November 9, 1944
Letters from Theodore Katz
Nov. 9, 1944
The jeep has probably been the most widely publicized mechanical instrument of the war – a glamorous little vehicle that overcomes all obstacles at high speeds, regardless of terrain. Today, however, I made an interesting discovery. It is strictly a one season vehicle – namely summer, and as it is now winter (snow today), I found myself cursing the mind that dreamed it up, as I rode a mere hundred miles or so, with the top down and the all-draft ventilation working perfectly – the wind strong enough to almost lift the heavy steel helmet from your head, and the wind cutting through an overcoat as thought it were cheesecloth, the mud playfully splashing and coating the vehicle, inside as well as out. All in all, such a pleasant ride. The scene changes swiftly – woods, fields – broad, sweeping valleys – clean and peaceful looking – then suddenly through a heap of rubble that had once been a town. Looking up you can see the planes – big formations looking like silver pin-points. Anti-aircraft fire, a sharp coughing sound, little black puffs of smoke in the sky –
And now I sit here slowly thawing out as I write to you – and thinking how much quicker the process of thawing would be if I were sitting in the parlor of 3619 with the Model A-1 Galai Magic Heater to envelop me with its own brand of warmth. If I tear off the top of my 1st SGT and send it in together with a testimonial of 25 words or more on why I prefer the Galai Magic Heater to all others, could you send me one F.O.B. [freight on board] – please, yes?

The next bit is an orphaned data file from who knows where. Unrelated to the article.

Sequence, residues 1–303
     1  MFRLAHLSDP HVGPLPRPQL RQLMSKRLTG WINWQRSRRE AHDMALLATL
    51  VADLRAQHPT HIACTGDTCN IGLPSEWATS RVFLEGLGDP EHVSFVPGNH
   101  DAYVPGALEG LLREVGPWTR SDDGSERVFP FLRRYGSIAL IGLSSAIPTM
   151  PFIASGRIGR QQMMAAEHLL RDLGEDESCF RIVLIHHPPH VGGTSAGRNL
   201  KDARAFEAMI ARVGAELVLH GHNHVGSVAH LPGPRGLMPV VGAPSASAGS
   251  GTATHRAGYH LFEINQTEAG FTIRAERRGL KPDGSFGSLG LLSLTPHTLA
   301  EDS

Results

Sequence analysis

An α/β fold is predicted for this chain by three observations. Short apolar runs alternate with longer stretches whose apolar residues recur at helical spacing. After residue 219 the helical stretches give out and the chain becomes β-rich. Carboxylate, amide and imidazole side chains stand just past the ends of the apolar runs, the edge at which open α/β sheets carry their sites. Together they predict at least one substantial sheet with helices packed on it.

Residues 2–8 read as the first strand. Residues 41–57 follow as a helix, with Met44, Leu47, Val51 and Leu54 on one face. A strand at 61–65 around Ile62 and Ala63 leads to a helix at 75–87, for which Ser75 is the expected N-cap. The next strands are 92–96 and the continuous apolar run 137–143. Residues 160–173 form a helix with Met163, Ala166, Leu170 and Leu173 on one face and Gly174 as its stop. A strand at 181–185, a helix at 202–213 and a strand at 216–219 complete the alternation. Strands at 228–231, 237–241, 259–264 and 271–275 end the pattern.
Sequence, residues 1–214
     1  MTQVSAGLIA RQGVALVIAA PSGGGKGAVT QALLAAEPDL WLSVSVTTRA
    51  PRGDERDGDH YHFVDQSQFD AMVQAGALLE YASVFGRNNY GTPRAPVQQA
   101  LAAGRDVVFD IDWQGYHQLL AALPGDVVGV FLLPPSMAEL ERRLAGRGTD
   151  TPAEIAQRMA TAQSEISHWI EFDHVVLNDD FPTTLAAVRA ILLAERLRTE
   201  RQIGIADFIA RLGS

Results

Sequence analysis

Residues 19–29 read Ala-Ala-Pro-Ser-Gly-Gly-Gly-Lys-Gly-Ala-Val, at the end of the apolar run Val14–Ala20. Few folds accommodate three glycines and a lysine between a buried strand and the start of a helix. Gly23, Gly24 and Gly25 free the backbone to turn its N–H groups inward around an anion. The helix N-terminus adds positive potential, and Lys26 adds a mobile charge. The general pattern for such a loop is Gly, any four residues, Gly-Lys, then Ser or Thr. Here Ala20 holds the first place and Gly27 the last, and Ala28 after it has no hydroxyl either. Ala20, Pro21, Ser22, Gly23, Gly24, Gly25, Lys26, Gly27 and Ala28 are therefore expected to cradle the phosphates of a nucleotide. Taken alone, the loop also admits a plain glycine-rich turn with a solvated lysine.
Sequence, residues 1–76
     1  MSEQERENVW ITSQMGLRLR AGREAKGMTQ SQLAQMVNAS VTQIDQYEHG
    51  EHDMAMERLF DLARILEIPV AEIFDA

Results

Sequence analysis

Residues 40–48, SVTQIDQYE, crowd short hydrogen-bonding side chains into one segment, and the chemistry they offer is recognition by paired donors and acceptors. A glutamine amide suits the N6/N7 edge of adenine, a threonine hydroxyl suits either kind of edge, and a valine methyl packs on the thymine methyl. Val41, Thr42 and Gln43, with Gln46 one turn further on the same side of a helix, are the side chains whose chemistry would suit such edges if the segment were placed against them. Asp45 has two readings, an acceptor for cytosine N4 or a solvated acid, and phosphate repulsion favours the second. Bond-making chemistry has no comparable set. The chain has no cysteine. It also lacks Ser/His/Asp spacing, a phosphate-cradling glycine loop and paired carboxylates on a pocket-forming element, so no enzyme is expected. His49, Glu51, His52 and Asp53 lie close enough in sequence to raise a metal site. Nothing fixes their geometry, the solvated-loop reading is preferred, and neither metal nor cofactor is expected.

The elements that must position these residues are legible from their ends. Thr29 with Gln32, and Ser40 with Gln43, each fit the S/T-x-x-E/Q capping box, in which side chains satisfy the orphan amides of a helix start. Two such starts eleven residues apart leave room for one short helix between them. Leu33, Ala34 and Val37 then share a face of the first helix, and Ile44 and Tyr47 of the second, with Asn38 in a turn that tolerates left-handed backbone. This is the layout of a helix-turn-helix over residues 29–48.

Now, if you will stop distracting me for a moment, I will continue with my story. Having given you a brief summary of today’s doings, I shall now back-pedal to last night, from the ridiculous to the sublime (to coin a phrase). Let me see – How to begin? First of all there is a Dr. & Mrs. Thys whom I met. (the meeting being a story in itself, so I’ll save it for later). Anyway, they are two wonderful people, between 35 and 40 years of age. Dr. Thys is Gentile, Mrs. Thys, Jewish, and for this reason Dr. Thys was taken away by the Nazis to Germany, leaving his wife and children (3) behind. There he was given the usual Nazi “indoctrination course,” but he escaped and arrived home by devious routes, where he hid in his cellar for a couple of weeks until the Americans came.
Last night, they gave a party in honor of Roosevelt’s re-election, inviting some soldiers and civilian friends. They have a beautiful home – very modern and furnished appropriately in consistent good taste. So we arrived to find ourselves suddenly thrust into a smart, sophisticated atmosphere, intelligent people, well dressed and well-informed, we arriving with rifles on our backs and suddenly self-conscious of our muddy shoes and clothing slightly the worse for wear, standing in the midst of this beautifully appointed room with servants passing amongst the guests laden with trays of cocktails, apertifs, champagne, pastries, hors d’oeuvres, etc. Mrs. Thys had been careful to choose as guests, friends who spoke English, so the party gathered momentum immediately. It was such a strange and beautiful feeling to feel civilized again – to eat from exquisite porcelain dishes, drink from fragile tinkling goblets, to dance (I thought I’d forgotten how) to a phonograph playing American records (God knows where they got them) – all the time wishing you were there. You were the only thing lacking to make the evening perfect, perfect to the very end – the piece de resistance being driven “home” in the back seat of a civilian car!
And now that the story is ended, you can start distracting me again. Did I ever tell you what a wonderful distracter you are? And never mind the windows. I nailed them all shut.
All my love,